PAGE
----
National air quality standards

Ecology and local clean air agencies monitor and track emissions to ensure levels of outdoor air pollutants meet federal and state air quality standards. We focus on EPA's "criteria" pollutants and other chemicals broadly known as air toxics. Our programs and strategies prevent air pollution from reaching levels that are harmful to human health or the environment.

Mt. Rainier

Mt. Rainier on a clean air day with good visibility. 

Criteria air pollutants

The Clean Air Act requires EPA to set National Ambient Air Quality Standards (NAAQS) for six common air pollutants. We monitor these pollutants and alert you when levels become unhealthy. The pollutants are:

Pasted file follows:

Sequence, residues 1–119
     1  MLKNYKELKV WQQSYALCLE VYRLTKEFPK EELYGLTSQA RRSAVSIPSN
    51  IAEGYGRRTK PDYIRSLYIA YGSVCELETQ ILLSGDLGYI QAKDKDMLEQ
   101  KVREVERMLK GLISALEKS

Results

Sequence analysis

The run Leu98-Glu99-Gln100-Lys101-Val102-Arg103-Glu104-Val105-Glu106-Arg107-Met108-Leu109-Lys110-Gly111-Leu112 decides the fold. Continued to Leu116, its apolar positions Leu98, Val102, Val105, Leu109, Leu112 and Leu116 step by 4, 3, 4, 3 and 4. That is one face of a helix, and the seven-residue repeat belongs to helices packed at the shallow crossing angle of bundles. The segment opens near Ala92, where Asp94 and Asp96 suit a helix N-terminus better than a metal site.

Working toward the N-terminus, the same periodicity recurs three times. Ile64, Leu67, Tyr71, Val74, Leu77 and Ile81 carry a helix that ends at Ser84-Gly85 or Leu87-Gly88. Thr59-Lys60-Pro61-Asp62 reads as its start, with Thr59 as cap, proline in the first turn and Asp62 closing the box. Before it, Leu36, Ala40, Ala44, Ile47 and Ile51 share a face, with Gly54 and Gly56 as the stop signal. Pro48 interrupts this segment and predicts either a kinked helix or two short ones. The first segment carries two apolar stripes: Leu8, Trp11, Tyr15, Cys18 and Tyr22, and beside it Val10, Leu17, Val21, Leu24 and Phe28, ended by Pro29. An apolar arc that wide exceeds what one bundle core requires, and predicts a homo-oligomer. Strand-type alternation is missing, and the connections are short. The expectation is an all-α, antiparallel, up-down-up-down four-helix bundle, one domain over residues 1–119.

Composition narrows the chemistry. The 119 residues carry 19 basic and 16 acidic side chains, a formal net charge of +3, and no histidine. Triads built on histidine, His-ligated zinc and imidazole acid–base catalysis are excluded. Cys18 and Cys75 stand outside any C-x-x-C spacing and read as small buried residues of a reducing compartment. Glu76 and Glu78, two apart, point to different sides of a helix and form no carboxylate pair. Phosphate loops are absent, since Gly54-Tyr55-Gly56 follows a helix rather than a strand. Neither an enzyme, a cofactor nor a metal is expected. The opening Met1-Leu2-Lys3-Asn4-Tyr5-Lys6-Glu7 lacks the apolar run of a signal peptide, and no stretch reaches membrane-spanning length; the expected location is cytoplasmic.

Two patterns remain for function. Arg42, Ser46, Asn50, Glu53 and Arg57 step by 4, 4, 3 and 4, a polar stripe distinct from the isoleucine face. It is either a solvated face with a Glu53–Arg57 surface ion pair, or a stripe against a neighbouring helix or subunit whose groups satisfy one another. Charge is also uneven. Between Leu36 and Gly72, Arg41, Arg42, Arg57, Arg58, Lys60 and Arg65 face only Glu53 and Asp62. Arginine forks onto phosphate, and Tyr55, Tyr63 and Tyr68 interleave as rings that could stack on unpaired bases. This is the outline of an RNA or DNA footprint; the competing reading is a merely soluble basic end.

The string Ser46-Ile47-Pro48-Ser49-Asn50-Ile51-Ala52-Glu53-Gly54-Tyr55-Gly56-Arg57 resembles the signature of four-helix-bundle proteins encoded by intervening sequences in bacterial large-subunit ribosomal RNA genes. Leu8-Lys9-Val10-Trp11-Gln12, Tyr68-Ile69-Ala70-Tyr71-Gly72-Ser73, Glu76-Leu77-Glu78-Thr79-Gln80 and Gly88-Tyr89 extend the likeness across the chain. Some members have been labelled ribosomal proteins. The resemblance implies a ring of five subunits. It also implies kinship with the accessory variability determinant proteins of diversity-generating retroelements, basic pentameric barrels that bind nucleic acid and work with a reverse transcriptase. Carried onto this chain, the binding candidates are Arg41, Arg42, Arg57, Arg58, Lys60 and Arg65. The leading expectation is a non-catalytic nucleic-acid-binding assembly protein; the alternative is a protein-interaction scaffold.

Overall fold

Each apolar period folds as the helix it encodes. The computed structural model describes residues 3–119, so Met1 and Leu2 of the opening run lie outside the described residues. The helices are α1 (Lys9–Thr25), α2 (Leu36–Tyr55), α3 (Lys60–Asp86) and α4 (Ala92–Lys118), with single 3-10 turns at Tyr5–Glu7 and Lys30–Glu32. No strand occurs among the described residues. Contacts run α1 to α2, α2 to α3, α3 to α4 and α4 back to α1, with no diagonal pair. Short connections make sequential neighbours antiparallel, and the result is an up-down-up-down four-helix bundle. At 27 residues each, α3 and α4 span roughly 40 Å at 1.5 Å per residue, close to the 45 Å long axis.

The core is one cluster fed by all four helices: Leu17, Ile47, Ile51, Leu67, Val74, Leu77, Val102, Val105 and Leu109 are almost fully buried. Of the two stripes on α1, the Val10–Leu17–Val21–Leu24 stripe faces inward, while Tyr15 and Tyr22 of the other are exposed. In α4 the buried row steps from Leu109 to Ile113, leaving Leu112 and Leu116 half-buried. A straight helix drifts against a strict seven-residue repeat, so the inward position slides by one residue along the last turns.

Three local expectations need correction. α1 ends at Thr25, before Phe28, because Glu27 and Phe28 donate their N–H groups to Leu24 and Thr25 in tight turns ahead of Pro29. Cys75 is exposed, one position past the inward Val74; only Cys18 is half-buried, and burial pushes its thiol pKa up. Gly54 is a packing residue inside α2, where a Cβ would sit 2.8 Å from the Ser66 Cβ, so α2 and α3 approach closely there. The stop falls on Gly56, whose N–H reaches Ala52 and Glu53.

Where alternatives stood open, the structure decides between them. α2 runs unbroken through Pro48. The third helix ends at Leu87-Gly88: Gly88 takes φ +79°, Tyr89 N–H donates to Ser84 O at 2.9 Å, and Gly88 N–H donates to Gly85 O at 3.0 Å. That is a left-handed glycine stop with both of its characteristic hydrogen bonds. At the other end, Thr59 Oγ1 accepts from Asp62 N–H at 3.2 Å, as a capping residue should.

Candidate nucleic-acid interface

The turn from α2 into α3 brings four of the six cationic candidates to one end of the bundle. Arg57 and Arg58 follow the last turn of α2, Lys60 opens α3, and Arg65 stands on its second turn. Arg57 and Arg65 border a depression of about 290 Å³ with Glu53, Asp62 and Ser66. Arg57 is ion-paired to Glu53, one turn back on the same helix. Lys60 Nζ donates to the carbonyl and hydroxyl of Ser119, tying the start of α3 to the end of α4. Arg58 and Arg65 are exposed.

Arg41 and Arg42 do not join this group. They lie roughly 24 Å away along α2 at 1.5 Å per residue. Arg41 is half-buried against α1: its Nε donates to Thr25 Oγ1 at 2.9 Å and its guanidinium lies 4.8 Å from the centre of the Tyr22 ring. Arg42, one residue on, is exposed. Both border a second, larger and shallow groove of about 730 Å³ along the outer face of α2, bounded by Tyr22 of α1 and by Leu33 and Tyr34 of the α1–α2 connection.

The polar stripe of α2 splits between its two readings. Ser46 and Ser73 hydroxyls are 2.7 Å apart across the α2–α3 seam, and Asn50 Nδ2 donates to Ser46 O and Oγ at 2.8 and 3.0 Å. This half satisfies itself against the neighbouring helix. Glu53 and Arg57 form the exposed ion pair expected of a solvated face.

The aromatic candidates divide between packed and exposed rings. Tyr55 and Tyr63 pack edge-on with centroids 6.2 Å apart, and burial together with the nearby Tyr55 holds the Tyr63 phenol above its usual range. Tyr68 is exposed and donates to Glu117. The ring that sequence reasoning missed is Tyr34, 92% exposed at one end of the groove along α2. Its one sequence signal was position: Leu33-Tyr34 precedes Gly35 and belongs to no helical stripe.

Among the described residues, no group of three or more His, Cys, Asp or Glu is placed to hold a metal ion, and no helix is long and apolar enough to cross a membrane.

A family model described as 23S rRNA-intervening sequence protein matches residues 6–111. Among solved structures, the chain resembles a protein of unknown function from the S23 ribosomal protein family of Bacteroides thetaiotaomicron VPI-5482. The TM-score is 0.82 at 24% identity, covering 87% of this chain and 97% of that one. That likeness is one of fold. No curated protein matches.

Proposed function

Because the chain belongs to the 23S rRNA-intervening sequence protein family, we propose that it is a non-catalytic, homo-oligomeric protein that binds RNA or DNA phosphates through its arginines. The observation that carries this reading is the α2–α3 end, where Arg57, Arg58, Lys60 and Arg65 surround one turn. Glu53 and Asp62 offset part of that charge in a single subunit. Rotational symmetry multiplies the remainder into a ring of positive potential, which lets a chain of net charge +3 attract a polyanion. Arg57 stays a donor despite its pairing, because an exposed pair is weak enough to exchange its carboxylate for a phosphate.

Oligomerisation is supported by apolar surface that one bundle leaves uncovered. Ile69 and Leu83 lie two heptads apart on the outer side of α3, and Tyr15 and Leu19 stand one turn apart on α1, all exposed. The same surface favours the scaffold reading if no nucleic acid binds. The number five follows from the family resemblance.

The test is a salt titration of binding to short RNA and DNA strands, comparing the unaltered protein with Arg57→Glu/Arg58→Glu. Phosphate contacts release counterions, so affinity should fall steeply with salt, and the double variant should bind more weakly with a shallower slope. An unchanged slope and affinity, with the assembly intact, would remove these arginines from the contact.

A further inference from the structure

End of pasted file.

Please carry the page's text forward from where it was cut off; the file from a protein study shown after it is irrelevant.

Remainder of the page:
Air toxics

EPA established a list of 187 hazardous air pollutants. We regulate about 400 toxic air pollutants from commercial and industrial sources. We prioritized 21 of those toxic air pollutants because of their health risk. To reduce levels of these priority pollutants, we are working to reduce diesel emissions and wood smoke.

Air toxics monitoring

We have been monitoring air toxics from our Beacon Hill air monitoring station in Seattle since 2000. Air samples are collected from this site every six days. By analyzing long-term trends with current readings, we have determined that toxic pollutant levels are declining. This shows that driving clean cars and our State Implementation Plans (SIPs) are working to keep the air healthy.

We also partnered with local clean air agencies to identify and monitor pollutants that are the greatest health risk. Reports from some of the studies include: